Delta Warns of Strike Risks
Delta Air Lines said that if its pilots strike should their contract be rejected in bankruptcy court, it would be "murder-suicide" and in effect would put the nation's third-largest carrier out of business. The comments by the Atlanta-based airline in a court filing came days before a U.S. Bankruptcy Court hearing in New York on Delta's request to reject its pilots' collective bargaining agreement.
Delta said that if its motion is granted it will impose $325 million in concessions it is seeking from its pilots. The cuts would be on top of $1 billion in annual concessions the pilots agreed to in a five-year deal reached in 2004. That deal included a 32.5 percent pay cut. Union spokesman John Culp said the pilots are united in their position, though he stressed there has been no determination on a specific course of action.
Hurricanes Hit AIG Results
American International Group said its third-quarter profit fell to $1.72 billion, as the company absorbed catastrophe-related losses of $1.6 billion, mostly from Hurricane Katrina. In the third quarter last year, AIG earned $2.69 billion.
The report, released after the close of financial markets, had been delayed by several days as the New York company grappled with a restatement of financial results for fiscal 2002, 2003 and 2004 to correct accounting errors.
The restatement, which the company said also would affect some statements from 2001 and 2000, was the second this year.
In late May, AIG restated five years of results, cutting shareholders' equity by $2.26 billion, after New York Attorney General Eliot L. Spitzer launched an investigation into whether the company was using accounting tricks to boost its stock.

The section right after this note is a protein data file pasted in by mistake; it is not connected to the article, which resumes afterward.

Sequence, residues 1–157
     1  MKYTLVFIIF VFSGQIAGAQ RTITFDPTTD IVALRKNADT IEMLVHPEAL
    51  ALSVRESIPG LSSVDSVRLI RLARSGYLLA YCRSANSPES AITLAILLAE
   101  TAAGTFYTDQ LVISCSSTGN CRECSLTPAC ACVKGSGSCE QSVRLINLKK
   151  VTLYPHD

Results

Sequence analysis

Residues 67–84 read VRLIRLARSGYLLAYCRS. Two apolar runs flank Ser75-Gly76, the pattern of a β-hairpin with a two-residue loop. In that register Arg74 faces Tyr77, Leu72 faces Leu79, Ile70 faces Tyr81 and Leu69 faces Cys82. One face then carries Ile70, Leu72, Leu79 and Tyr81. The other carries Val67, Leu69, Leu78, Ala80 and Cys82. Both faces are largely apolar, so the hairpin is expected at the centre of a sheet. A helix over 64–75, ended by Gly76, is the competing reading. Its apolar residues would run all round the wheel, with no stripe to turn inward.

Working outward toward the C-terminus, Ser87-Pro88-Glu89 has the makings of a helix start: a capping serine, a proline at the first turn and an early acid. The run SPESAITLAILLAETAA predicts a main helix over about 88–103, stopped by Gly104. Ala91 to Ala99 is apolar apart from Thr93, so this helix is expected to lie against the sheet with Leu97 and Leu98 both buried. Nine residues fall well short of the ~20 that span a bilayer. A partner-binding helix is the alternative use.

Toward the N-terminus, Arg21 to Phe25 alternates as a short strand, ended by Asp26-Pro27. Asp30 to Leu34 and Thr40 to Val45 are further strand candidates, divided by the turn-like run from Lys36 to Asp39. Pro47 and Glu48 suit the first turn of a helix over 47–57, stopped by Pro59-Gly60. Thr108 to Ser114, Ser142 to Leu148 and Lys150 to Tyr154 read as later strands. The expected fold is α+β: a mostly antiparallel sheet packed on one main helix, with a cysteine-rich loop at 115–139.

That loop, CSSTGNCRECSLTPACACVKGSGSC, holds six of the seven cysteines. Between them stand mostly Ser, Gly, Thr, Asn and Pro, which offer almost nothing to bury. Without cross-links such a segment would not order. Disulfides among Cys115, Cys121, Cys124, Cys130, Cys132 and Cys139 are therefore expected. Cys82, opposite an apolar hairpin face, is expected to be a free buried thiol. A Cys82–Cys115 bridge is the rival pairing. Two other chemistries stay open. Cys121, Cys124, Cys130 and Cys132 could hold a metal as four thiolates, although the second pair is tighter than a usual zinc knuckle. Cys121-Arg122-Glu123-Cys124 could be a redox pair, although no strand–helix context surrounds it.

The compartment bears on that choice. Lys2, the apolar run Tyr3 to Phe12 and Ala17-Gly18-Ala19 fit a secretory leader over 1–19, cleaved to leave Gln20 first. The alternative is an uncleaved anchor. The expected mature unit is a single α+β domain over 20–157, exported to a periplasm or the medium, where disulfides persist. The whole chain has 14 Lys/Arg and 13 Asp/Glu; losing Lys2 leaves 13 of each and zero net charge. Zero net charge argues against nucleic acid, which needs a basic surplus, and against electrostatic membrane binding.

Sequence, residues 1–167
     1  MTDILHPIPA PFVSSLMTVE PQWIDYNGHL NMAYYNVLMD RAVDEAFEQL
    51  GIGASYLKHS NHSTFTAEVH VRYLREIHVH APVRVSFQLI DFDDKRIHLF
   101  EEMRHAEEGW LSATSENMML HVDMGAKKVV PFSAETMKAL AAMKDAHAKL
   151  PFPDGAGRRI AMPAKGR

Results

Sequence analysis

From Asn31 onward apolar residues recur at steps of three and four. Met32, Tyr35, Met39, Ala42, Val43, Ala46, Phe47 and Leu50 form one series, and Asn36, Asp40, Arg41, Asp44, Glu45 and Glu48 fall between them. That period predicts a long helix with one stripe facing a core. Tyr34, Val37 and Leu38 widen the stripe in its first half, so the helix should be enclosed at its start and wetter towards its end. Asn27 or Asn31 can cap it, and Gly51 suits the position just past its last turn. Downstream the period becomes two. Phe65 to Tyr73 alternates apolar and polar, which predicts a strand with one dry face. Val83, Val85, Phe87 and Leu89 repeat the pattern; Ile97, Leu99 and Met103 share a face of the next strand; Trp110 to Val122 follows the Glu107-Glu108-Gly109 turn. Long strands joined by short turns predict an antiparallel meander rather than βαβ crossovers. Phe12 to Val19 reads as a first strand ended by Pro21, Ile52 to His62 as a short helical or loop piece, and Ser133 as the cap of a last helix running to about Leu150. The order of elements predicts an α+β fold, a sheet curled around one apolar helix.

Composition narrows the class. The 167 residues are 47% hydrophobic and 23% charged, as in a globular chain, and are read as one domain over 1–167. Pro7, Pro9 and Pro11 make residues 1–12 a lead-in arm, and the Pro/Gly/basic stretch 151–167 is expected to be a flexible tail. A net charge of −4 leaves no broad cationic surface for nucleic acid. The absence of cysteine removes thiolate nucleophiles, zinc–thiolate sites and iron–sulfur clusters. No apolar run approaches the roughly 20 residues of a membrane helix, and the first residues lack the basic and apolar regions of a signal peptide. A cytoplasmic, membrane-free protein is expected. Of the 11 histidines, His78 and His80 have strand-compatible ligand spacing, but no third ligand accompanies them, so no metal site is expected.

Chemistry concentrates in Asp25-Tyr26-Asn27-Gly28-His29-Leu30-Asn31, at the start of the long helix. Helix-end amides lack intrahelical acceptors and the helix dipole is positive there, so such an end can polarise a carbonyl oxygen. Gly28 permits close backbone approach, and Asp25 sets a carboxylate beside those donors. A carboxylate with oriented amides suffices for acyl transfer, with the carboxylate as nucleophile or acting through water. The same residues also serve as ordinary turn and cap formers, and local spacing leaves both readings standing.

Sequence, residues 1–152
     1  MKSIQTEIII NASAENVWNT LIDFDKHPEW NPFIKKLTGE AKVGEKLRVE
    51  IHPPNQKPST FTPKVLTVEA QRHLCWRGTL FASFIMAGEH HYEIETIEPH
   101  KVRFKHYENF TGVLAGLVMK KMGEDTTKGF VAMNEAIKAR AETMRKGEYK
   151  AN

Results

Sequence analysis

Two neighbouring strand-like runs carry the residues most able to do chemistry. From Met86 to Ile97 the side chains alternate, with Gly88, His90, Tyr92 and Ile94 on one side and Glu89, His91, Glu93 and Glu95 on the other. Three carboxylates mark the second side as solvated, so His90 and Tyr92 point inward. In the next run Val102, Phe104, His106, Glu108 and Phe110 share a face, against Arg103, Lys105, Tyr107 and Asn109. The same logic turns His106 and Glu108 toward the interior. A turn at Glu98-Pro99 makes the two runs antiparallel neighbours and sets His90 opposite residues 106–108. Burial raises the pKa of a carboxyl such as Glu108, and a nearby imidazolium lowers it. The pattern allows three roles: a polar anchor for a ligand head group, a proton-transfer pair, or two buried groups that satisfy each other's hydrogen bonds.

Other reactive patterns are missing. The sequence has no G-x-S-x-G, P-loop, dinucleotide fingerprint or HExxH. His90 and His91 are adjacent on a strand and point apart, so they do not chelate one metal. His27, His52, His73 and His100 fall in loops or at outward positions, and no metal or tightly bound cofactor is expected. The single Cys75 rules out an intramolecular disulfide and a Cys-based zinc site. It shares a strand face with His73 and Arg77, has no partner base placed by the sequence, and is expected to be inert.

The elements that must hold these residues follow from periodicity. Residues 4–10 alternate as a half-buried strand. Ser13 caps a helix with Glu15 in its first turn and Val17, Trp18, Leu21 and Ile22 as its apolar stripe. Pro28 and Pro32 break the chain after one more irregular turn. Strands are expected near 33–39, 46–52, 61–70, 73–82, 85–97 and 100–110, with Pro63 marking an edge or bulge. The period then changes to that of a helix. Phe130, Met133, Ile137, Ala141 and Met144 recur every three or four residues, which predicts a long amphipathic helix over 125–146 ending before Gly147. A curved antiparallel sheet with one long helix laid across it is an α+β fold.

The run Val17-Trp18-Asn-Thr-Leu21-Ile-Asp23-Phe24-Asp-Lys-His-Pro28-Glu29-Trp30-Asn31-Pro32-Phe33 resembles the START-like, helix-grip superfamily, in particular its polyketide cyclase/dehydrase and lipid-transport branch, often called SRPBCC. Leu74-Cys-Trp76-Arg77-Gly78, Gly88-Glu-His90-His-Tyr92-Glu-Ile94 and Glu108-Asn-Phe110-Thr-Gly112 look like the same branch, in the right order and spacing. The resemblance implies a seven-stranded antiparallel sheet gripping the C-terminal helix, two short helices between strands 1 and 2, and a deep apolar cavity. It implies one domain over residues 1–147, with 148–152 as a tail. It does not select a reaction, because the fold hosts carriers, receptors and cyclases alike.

CBO Director to Leave Dec. 30
Congressional Budget Office Director Douglas Holtz-Eakin will step down on Dec. 30 to join the Council on Foreign Relations as the Paul A. Volcker Fellow in International Studies and director of the New York-based independent research group's geo-economic studies center. Deputy Director Donald Marron will take over Holtz-Eakin's job at the CBO until a permanent replacement is found.
Lowe's said its third-quarter profit climbed 26 percent, to $649 million from $516 million in the comparable quarter a year earlier, as customers bought more cabinets and appliances. Revenue for the three months ended Oct. 28 rose 17 percent, to $10.59 billion, the Mooresville, N.C.-based home improvement retailer said.
Tyson Foods, the world's largest meat company, said its fiscal fourth-quarter profit rose 49 percent, to $98 million from $66 million. The results in the year-ago quarter included various charges. Sales fell 9 percent, to $6.5 billion from $7.15 billion, mainly because of lower volume from one less week of sales this year. The latest results missed analysts' forecasts, sending Tyson shares down $1.99, or 10.8 percent, to $16.51.
T-bill rates rose. The discount rate on three-month Treasury bills auctioned yesterday increased to 3.91 percent from 3.87 percent last week. Rates on six-month bills rose to 4.195 percent from 4.155 percent. The annualized return to investors is 4.004 percent for three-month bills, with a $10,000 bill selling for $9,901.16, and 4.345 percent for a six-month bill selling for $9,787.92. Separately, the Federal Reserve said the average yield for one-year Treasury bills, a popular index for making changes in adjustable-rate mortgages, rose to 4.35 percent last week from 4.32 percent the previous week.
Compiled from staff and news service reports.